Child Care Directors Guide to On-Site Construction

Maybe you can't build an entire new center and instead, your program has opted to repair, renovate or enlarge your existing center. This article looks at what a child care director should plan for when the construction takes place in or near the childcare center.

Prior to Construction

Your leadership and personal involvement are crucial to a successful construction project, you must insist on being kept "in the loop" from the early planning stages of the project until the day the contractor leaves the site. There will be much to understand so it is best to ask for help from your parents, board members, and colleagues to form a small committee to assist you in the decisions you are about to undertake.

Talk to other directors and staff from other centers who have completed construction projects similar to the one being planned for your center. Ask what they have learned, what they would do differently and what they would avoid. Before the project goes out to bid, ask the architect to brief you on the construction contract's provisions regarding site security, storage, staging, fencing, safety, lighting, construction work hours, dust and noise requirements, air quality, worker identification, traffic patterns, truck deliveries, bus routines and similar matters that can have a profound impact on the center operations.

During Construction

Once construction begins you will have to communicate continually with your committee, the construction staff, the contractor, parents and the project architect. Be sure to attend weekly construction team meetings and discuss with the contractor's site superintendent every morning to be informed of daily changes to the plan. Work closely with the custodial and cleaning staff to insure that the areas being worked on have proper maintenance and cleaning.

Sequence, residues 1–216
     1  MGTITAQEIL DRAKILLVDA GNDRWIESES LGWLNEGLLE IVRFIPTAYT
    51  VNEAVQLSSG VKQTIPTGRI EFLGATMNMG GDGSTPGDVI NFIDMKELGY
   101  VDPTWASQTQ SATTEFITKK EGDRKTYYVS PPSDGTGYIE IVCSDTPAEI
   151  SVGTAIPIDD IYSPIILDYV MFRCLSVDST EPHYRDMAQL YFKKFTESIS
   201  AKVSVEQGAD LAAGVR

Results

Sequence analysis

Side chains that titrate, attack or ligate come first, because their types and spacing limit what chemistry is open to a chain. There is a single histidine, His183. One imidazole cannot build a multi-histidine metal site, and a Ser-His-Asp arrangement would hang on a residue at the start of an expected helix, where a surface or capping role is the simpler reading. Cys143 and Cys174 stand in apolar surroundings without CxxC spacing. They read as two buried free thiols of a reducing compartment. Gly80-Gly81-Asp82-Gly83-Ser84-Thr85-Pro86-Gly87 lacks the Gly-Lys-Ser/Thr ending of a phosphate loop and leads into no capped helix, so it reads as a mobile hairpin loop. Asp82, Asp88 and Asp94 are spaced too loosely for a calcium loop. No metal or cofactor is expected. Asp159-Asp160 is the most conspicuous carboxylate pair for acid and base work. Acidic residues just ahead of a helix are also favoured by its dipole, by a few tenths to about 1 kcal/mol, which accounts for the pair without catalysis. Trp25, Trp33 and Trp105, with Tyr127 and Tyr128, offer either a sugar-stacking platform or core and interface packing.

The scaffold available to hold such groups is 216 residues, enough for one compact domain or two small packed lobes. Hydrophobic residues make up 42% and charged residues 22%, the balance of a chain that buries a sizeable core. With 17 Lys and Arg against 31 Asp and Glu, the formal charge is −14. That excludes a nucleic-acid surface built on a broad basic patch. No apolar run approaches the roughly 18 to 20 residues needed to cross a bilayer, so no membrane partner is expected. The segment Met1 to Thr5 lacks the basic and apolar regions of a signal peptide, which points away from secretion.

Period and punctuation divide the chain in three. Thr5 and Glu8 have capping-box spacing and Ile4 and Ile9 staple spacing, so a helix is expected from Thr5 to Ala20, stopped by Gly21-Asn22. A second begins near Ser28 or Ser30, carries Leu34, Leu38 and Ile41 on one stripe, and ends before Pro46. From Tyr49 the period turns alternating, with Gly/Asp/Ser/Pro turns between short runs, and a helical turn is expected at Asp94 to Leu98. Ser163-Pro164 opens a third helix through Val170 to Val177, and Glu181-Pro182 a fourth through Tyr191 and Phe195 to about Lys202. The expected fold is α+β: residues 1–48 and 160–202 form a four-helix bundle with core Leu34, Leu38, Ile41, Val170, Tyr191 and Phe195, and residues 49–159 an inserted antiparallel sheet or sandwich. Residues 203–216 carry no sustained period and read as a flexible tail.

Protect both children and property during the construction process. During construction, workers may have access to areas that contain personal property and/or valuable equipment. Experienced tradesmen are accustomed to having access to otherwise secure areas and almost always can be trusted: there are, however, many others who may be on the site only temporarily and have little accountability, so keep things as secure and well protected as possible.

Construction can be fascinating to children, and as such, can be an attractive hazard that is difficult for children to resist. Plan and act accordingly.

Anticipate false fire alarms and deter vandalism. Watch the air quality, which can change daily depending on what chemicals are being used in the construction or renovation of the building. Insist on products that are environmentally and kid-friendly that emit a low amount of volatile organic compounds.

You might need to move children around the building as construction is completed so it is necessary to have a logistics plan. Creating makeshift classrooms or moving some activities off site might be necessary during this time. Be sure that you have the necessary approvals for the temporary arrangement from licensing, public health and fire officials.

After Construction

When the project is completed, be sure to train the maintenance staff, custodial staff and teachers on how to properly use, clean and operate new or different spaces. You will be working with the project architect to create what is called "the punch list" of items (such as touch up painting, adjusting equipment and making repairs) that still have to be completed by the contractor. Be sure to conduct a post occupancy evaluation of the building so that teachers, parents and custodial staff can determine what successes to repeat on the next project and which mistakes to avoid in future construction projects.